Portland Trail Blazers

Record: 11-17
Past SOS: First by point differential, tied for first by record
Future SOS: 28th by point differential, 28th by record

Cleveland has thrived in spite of a challenging early schedule; Portland has suffered because of it, falling to a tie for 10th place in the West with a statistical profile—24th in net rating, 28th on defense—that fits a team on the precipice of missing the playoffs entirely. That’s an unusual position for the Trail Blazers, who have reached the playoffs eight seasons in a row, giving them the NBA’s longest active streak.

Yet even with the early scuffles, from Damian Lillard’s and CJ McCollum’s injuries to coach Chauncey Billups’s failed new defensive schemes, Portland would probably look a lot better had it not played so many tough games so early. Look at that graph in the Lakers section again; Portland has benefited from just two matchups against the worst teams in the league, while it’s played twice against the Warriors and three times against the Suns.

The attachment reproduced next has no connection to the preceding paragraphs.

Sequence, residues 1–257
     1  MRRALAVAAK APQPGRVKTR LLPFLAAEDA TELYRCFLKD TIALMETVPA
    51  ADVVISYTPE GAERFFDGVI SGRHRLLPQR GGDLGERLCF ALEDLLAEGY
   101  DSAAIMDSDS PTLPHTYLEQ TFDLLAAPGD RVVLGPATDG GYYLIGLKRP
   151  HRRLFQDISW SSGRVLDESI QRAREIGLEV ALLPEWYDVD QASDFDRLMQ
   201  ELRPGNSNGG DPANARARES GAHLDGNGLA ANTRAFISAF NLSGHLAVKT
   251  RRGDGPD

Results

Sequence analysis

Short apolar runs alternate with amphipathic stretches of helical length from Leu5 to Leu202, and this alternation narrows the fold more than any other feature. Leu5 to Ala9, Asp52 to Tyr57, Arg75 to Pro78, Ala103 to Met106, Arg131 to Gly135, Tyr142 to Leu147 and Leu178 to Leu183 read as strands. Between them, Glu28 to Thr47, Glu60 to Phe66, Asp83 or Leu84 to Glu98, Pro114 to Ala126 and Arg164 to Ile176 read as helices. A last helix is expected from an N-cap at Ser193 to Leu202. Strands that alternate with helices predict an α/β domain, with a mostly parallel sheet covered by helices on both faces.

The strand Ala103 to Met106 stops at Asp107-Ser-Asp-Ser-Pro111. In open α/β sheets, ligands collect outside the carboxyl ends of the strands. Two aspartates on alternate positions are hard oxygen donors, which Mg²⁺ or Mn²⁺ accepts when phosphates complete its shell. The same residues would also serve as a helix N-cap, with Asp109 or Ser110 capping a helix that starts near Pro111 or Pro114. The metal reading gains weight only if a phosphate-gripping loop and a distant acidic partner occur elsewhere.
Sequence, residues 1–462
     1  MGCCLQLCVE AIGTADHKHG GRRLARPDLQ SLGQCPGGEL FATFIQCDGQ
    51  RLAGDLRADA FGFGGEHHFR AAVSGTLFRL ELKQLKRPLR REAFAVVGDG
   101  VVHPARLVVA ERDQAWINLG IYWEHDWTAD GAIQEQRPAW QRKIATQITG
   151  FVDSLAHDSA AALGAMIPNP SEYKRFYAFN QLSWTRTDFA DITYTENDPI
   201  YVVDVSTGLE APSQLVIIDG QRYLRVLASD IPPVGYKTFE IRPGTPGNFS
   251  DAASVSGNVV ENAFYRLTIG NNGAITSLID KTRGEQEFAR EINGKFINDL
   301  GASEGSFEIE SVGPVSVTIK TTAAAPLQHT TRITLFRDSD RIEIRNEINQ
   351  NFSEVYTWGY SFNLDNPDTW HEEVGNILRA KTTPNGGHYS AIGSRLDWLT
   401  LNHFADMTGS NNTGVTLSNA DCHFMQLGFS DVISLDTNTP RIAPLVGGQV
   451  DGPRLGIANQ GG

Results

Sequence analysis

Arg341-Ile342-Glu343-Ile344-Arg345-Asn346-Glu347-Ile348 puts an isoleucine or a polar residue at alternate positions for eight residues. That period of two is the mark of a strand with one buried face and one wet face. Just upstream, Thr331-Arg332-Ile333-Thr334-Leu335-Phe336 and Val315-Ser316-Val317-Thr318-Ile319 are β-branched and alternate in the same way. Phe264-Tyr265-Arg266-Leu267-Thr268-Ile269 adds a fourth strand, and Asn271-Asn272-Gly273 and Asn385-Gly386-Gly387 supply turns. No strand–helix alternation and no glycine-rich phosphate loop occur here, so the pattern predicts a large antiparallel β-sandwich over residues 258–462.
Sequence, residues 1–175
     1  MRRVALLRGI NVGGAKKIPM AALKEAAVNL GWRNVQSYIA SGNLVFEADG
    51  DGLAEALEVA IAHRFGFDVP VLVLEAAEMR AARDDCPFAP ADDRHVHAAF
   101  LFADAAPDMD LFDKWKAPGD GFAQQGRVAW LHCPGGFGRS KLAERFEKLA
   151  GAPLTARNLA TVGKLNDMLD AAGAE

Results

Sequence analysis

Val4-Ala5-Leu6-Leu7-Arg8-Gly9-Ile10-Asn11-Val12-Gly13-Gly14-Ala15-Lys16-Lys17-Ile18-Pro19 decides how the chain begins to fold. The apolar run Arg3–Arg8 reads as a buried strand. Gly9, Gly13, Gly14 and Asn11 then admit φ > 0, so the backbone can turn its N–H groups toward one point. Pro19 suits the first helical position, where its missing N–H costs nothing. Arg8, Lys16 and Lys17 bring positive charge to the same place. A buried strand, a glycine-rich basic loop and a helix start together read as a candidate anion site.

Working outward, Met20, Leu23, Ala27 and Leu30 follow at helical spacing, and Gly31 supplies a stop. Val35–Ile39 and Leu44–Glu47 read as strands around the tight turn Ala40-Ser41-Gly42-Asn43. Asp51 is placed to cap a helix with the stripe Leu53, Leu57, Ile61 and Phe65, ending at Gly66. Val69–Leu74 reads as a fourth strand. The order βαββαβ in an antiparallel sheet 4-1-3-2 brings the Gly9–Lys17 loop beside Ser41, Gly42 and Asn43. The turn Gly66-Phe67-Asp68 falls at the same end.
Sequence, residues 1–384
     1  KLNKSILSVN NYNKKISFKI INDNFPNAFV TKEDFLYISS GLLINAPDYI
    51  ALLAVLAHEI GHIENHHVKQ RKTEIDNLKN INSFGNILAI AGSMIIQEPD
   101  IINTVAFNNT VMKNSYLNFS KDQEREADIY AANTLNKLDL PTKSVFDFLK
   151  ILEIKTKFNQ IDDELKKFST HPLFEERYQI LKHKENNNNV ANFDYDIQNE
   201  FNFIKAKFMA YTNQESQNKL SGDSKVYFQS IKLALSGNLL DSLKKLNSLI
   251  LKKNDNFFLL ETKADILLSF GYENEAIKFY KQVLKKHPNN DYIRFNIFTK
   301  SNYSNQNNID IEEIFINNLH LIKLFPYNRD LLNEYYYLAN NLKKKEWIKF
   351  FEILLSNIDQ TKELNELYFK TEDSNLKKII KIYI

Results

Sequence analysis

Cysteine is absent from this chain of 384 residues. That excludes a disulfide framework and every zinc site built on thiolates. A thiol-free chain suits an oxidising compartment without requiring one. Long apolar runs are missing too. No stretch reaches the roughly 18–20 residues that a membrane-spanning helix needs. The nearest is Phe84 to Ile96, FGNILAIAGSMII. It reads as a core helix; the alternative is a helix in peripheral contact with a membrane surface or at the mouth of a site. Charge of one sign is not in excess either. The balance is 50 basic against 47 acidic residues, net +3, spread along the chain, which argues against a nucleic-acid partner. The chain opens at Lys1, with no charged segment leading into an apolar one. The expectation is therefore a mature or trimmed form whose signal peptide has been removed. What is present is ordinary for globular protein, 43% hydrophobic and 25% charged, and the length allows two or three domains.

That context doesn’t mean Portland is a good team, but the situation probably isn’t so dire, either. The Trail Blazers’ schedule near the end of the season looks as light as a feather. Games 71 through 80 on their schedule are comprised of:

  • Three against the Spurs
  • Two against the Pelicans
  • Two against the Thunder
  • Two against the Rockets
  • One against the Pistons

In other words, if Portland doesn’t trade Lillard and set its sights on contending sometime around 2026, it could easily rampage down the stretch and reenter the playoff field. The West is shaping up as a fight between three dynamite contenders for the top three seeds and then a mass of mediocre teams for spots 4 through 6, and then 7 through 10. With such a tight bunching, a factor like scheduling disparities could make the difference between lottery disappointment and playoff hope.